requirement dictates a further requirement:

that demand and supply pro

jections be carried out simultaneously, and not separately. To regard demand for any commodity as independent of the supply available seems hazardous to planning, but especially is this true for nonrenewable resources, where supplies are limited by physical factors and susceptible to constraint by political action.

Demand forecasts require knowledge of the reasons for current consumption trends. The effects on consumption of population growth, of changes in life style and social goals, and of the availability of new technology and new consumer items, need to be differentiated and analyzed. Demand forecasts should reflect evaluations of technological change, as well as of government intervention in the supply-demand system.

An example of a widely used demand forecast that satisfies none of the above requirements is the demand forecast for natural gas in the United States published by the Future Requirements Committee in October 1971. Their projection to 1995 of national gas requirements

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was based on a poll of every public and private organization that could

be identified as a supplier of gas, and two of the assumptions on which

it was predicated were:

(1) that a supply of natural gas adequate to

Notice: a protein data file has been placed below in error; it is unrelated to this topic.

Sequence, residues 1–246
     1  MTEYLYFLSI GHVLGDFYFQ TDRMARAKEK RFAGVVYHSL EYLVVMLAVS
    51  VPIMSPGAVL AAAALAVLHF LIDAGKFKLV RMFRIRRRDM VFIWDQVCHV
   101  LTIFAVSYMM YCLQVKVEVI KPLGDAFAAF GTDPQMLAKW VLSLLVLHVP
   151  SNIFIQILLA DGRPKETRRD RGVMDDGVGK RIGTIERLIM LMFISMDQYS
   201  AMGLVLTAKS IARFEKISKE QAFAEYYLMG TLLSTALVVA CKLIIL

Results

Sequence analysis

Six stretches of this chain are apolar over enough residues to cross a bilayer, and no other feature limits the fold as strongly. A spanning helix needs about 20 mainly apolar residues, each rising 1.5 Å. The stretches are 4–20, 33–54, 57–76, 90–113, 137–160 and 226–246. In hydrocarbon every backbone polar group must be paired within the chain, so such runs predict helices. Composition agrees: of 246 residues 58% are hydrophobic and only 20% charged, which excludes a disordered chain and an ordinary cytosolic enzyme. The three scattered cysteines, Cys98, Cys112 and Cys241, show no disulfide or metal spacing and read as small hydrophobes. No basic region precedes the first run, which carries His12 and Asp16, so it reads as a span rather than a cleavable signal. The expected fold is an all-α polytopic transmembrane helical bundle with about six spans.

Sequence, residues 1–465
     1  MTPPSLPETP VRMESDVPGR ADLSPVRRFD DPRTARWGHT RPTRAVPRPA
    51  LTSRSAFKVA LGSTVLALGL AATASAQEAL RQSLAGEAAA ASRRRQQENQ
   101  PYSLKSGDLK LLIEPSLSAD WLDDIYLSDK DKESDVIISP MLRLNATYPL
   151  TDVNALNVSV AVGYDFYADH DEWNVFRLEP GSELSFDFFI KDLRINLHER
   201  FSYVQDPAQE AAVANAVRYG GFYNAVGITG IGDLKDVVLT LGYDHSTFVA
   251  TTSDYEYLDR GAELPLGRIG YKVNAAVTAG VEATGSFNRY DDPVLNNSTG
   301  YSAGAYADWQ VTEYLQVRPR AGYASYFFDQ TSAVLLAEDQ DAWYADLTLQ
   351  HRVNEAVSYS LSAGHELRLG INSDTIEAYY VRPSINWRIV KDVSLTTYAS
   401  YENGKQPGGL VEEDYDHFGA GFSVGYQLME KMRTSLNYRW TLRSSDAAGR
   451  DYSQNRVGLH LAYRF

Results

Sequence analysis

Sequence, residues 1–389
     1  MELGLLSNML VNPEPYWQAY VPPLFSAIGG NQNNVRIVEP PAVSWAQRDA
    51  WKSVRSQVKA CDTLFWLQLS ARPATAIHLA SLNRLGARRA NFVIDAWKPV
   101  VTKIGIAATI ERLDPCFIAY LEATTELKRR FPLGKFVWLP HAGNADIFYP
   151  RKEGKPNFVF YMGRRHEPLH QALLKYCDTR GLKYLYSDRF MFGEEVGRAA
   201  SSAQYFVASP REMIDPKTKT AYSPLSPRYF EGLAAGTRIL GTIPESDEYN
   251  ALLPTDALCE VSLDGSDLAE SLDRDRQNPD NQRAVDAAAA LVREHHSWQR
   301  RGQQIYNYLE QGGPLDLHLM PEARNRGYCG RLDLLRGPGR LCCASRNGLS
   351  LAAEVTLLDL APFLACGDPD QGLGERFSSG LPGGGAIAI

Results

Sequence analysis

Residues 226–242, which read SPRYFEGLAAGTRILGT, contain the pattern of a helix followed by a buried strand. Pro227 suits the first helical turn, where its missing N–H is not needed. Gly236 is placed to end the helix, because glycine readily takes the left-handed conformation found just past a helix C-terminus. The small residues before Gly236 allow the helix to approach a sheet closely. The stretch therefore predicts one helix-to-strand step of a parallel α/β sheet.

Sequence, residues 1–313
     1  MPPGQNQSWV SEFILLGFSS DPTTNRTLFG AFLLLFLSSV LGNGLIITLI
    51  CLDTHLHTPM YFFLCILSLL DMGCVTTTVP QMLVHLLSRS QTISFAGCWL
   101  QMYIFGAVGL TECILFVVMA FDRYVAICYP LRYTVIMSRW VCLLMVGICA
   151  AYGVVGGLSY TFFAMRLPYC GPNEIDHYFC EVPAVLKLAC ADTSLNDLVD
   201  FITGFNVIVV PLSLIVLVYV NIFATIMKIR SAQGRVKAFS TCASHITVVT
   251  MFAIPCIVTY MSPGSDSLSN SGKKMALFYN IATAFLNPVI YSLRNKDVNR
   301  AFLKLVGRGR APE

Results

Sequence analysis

meet all requirements would be available during the entire period

covered by the projection, and (2) that the then current relations of

the cost of gas to other fuels would remain the same in the future!

A

projection based on such assumptions is rather difficult to find a good

use for.

Other examples of demand forecasts which appear to neglect both

predictable supply constraints and foreseeable technologic impacts on

consumption are readily available in the energy literature, where demand

curves tend to be simplistic projections of recent portions of consumption

curves.

It is predictable that increases in the cost of electricity,

already rather startling, will decrease potential demand, especially in the industrial sector. It is predictable that sharp increases in the

cost, on a per-mile basis, of gasoline and diesel fuel for automobiles,

will stimulate the demand for more economical vehicles which consume

less energy per mile.

It is predictable that demand curves for specific

energy materials will be strongly affected by new environmental require

ments that limit their use.

Demand curves for petroleum should somehow

reflect the probability that the gasoline-powered internal-combustion

engine within the next 20 years may be declared an unacceptable urban

citizen; if it is, not only will the demand curve for petroleum be

affected, but also the demand curve of the energy source for the re

placement system.

It is predictable that increases in the cost of energy

will encourage energy conservation on many fronts, through better thermal